There are nine of us crammed onto a long table on the stage, speakers and various Important People, who have to make introductory speeches for ‘Green Day’. Most important of all is ‘Il Presidente del Ayunciamento’, ie. the mayor, who I sit next to – as foreign mascot person for sustainable public horticulture I am clearly very important. I love that word ayunciamento – its where we get ‘junta’ from – I always think of sinister Pinochet type generallissimos. This guy has the well-oiled urbanity of the professional politician; I wouldn’t buy a second-hand car off him. He speaks, the event is opened, we all stand. Ohmygod, they are going to play the national anthem. No, they don’t. Whew! Then we have to get down from the stage while they get the powerpoint ready. This, as always it seems in Mexico, involves around 6 young men clustered around the computer and projector, huffing and puffing, pulling cords out, pushing them back in, arguing, gesticulating – it is clearly some sort of male bonding exercise.

The photographers of the local press descend, Il Presidente del Ayunciamento and I put our arms around each other’s shoulders and smile. He then departs. Lecture begins, and with Cruz interpeting, goes very smoothly – although he clearly has his own agenda, often elaborating greatly on what I say. Just as well I trust him. Occasionally the PA system flips over to a local radio station. No-one stirs. Clearly a normal occurrence.

 Anyay, come the end – we all get a basket of presents (avocadoes, coffee, local delicacies, big bottle Kahlua-type liquor). Last place delivered us a dubious-looking little plastic character in local costume and a handful  of slightly-leaking miniatures of the local mezcal. Oh, and a big certificate from Il Presidente to commorate our participation.

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Tuesday, March 4, 2008


    I have always found the idea of doing public space planting a more attractive one than designing private gardens. Thousands of people see your work every day, its part of the public realm, a part of the landscape, not hidden away. You have to accept some heavy constraints though: limited funds often mean that projects are small scale and maintenance is still a major issue. And you just have to accept that work does receive a fairly frequent mulch of plastic bags, beer cans and take-away wrappers.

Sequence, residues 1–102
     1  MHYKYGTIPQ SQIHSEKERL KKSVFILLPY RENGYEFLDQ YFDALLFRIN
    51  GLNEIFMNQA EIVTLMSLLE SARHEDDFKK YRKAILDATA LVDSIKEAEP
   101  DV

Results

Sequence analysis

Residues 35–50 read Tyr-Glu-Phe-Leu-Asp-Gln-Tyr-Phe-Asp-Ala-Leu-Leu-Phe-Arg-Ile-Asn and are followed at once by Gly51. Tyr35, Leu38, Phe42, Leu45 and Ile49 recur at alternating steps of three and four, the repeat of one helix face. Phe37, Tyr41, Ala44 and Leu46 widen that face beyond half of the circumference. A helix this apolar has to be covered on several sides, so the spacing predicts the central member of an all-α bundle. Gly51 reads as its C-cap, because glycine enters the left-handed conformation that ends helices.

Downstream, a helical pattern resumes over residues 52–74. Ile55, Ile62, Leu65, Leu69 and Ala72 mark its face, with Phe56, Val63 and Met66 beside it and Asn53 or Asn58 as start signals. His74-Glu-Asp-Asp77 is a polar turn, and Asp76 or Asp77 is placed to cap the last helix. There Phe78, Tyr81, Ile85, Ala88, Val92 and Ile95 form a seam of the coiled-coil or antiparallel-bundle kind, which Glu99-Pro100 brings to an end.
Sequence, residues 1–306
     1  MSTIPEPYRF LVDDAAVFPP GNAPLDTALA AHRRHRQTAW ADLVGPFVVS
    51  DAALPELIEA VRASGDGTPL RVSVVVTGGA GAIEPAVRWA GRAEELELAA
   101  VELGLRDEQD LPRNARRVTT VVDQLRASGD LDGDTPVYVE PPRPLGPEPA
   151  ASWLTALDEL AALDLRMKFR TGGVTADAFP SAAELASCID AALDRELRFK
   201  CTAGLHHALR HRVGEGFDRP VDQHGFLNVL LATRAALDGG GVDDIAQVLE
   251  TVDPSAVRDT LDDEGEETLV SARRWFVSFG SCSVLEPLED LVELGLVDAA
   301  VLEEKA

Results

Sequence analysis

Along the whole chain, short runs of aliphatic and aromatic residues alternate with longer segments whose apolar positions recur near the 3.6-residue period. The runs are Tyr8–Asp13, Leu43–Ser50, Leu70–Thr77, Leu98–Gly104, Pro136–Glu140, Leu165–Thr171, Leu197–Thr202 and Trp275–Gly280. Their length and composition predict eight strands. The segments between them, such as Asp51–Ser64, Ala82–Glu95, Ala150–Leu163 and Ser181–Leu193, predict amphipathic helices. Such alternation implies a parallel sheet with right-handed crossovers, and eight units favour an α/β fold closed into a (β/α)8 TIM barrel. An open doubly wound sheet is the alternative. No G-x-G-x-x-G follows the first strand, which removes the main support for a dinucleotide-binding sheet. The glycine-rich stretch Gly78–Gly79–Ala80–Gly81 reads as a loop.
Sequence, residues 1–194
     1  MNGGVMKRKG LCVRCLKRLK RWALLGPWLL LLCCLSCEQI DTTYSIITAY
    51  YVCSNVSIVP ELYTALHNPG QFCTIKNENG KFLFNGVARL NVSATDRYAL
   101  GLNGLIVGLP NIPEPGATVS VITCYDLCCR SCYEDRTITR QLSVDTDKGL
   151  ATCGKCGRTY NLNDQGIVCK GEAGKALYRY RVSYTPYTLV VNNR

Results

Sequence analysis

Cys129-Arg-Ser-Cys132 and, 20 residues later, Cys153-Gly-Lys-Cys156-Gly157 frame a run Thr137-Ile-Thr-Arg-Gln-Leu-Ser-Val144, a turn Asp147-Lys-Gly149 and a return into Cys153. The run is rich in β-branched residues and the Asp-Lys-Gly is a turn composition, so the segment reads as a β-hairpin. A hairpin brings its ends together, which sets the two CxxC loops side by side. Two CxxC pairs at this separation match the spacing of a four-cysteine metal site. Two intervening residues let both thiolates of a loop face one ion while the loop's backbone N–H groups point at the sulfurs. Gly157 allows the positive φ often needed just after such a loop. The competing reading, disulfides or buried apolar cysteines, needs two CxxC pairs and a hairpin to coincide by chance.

In Bristol I’ve been working with the city authorities for some years now, usually creating two new perennial-based plantings each winter. I’ve done a few small beds in parks, but they tend to get lost in the great expanse of grass and trees. Far more effective is planting at key sites on commuter routes: traffic islands, roundabouts, junctions. There are real advantages to working on these, as they tend to be pretty vandal proof, and slug proof too.
    Working on these sites involves co-ordinating with contractors. Usually an 8.00 am start, parking on a  pavement and sometimes running the gauntlet of traffic wearing a day-glo safety jacket. Once wearing one of these jackets you realise you have joined a working class brotherhood  who look after their own – great trucks screech to a halt to let you cross the road for example, and it also gives you just about enough authority to stop the traffic if you want to. Crossing roundabouts is something of an art form – much better if there is enough of a grass apron to drive onto. Driving off again though is pretty hairy I can tell you.
    The plants used are resilient perennials which can look after themselves as much as possible, and once established, compete with weeds. Geranium is one of the obvious genera to concentrate on; in the mild and moist Bristol climate, many are in active growth for almost all the year. They are such a useful group that I almost have to make a conscious effort not to overuse them.  Clump-forming and late-flowering composites: helianthus, rudbeckia, solidago, aster, are useful for later-season and strucutral interest.
    Ideally plants will be allowed to spread and self-seed. The aim is a closed canopy of vegetation. Whether this happens is very much to management which is out of my hands. I have run an afternoon training course however, and found the team (from Continental Landscapes) had a better ability to spot the difference between weeds and seedling perennials than I expected. If regenerating perennials are left, the ground will eventually be covered with the vegetation you want, leaving little space for invasive weeds. However on some sites, ‘over-maintenance’ prevents this happening. Ornamental grasses too can be mistaken for weed grasses – so any species used need to be very clearly intentional.
    One new approach I have tried is plug planting, of species which flower in the first year. This is not necessarily designed for permanence as some species used are short-lived, but instead gives more intense colour more quickly. Examples of species used are Achillea ‘Galaxy Hybrids’, Malva moschata, Lychnis chalcedonica, Rudbeckia hirta, Physostegia virginiana, Stipa tenuissima. Planting is at random at 30cm spacings.

For Bristolians, sites I’ve done some planting on so far are:
Snuff Mills,
Three Lamps Junction
Wells Rd. Oxford St. just up from the above.
Broadwalk Arcade, Knowle.
Redcatch Park
White Tree roundabout
Malago Lane, pedestrian island
Eastville Park, one bed near public conveniences at far western end.
St. James Barton
Novers Lane roundabout
Stapleton Rd./Rawnsley Park (something to look at while you wait for your crack dealer)